Skip to main content

The Globe and Mail

In search of the cheapest Canadian stocks

Getty Images/iStockphoto

What are we looking for?

Stocks that may be oversold.

The last month has been a generally dismal time for markets as worries grow over the impending U.S. fiscal cliff, slowing corporate earnings and a euro zone recession. With the help of Craig McGee, senior consultant at Morningstar Canada, we set out to find stocks where pessimism may be outrunning reality.

Story continues below advertisement

How we did it

Mr. McGee delved into the Morningstar CPMS database to find the 20 Canadian stocks that are the cheapest on four classic measures of value – price-to-earnings, price-to-cash-flow, price-to-book and price-to-sales multiples – and that are also rising in analysts' estimation.

To qualify, stocks must have had a positive change in analysts' consensus earnings estimates over the past 90 days; they must also have average trading volume in the top third of the database. No more than five stocks per sector were allowed.

More about Morningstar

Morningstar Inc. provides independent investment research in North America, Europe, Australia and Asia.

Its investment research tool, Morningstar CPMS, provides quantitative North American equity research and portfolio analysis to institutional clients and financial advisers.

CPMS data cover more than 95 per cent of the investable North American stock market.

Story continues below advertisement

What we found

This strategy is the basis for the Morningstar Canadian Value Index, which tracks 30 names instead of the 20 here. To find out how a 20-stock approach would have fared, Mr. McGee performed a backward-looking test.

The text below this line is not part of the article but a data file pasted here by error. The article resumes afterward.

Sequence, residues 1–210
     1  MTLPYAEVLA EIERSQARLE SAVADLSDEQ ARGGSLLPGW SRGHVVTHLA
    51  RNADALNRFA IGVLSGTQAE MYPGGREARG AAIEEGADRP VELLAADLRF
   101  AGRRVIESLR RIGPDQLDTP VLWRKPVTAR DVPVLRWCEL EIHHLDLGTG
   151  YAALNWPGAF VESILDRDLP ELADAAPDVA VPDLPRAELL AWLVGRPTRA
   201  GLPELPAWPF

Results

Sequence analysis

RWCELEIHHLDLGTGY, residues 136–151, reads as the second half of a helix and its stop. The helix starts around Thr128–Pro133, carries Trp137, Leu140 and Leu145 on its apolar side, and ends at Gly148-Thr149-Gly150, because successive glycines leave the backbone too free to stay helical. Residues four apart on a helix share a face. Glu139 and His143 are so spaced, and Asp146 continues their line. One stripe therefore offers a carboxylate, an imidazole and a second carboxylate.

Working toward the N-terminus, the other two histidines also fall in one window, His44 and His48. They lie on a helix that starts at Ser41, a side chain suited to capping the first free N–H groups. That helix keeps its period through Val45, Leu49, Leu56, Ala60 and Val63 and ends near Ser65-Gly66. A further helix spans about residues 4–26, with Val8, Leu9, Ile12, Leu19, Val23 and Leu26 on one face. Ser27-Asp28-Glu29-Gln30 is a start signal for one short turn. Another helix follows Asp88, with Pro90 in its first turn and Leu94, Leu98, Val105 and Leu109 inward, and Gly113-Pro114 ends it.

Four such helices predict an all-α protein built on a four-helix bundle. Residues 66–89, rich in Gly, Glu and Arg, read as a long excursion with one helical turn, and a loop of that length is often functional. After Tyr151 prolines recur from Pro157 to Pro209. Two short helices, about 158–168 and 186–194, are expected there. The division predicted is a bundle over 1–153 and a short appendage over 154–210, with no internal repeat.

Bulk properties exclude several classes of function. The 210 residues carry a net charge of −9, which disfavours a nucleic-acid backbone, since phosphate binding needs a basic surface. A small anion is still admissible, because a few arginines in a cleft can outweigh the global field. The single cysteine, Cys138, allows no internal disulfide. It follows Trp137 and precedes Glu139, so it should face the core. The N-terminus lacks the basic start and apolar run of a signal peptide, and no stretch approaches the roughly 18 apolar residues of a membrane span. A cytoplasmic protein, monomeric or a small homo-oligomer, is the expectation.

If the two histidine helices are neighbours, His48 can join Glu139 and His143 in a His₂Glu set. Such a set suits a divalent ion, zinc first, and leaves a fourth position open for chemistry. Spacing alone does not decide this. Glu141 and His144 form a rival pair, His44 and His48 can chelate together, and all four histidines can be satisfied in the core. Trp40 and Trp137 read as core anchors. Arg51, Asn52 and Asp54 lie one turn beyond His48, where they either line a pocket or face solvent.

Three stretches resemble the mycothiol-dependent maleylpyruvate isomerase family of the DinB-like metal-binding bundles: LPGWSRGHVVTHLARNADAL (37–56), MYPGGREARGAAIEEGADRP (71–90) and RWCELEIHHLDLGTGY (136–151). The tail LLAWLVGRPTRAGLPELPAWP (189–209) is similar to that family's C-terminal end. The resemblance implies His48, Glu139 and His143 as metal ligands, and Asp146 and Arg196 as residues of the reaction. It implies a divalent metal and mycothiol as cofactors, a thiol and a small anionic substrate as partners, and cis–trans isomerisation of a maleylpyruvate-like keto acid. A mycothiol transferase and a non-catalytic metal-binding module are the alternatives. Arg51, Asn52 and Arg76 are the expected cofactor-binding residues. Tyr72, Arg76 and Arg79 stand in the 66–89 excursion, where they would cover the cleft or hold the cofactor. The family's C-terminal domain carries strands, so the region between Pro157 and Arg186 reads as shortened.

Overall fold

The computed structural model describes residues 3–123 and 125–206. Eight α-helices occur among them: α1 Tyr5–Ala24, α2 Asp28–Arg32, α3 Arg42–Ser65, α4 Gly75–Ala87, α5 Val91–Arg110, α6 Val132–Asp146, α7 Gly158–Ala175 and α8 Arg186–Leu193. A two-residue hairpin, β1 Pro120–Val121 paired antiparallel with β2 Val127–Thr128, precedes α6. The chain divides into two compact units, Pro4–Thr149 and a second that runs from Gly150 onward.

He assumed a hypothetical investor had picked 20 stocks according to the principles above on Dec. 31, 1993, and refreshed his portfolio every three months to Sept. 30, 2012. The investor sold whenever a stock in the portfolio fell outside of the top 40 per cent of the CPMS Canadian database based on the criteria above.

This hypothetical investor would have generated an annualized return of 17.6 per cent, far ahead of the S&P/TSX Composite Total Return Index, which had an 8.1 per cent return over the same period.

Those are tempting numbers. Just remember that strategies don't always perform in the future the way they have in the past. Do your own research before buying any of the stocks listed here.

Report an error Licensing Options
About the Author

Ian McGugan is a reporter with The Globe and Mail's Report on Business and has been writing about investing, economics and business for more than 20 years. He joined the Globe and Mail in 2010. He has been executive editor of Canadian Business magazine and founding editor of MoneySense magazine. More

Comments

The Globe invites you to share your views. Please stay on topic and be respectful to everyone. For more information on our commenting policies and how our community-based moderation works, please read our Community Guidelines and our Terms and Conditions.

We’ve made some technical updates to our commenting software. If you are experiencing any issues posting comments, simply log out and log back in.

Discussion loading… ✨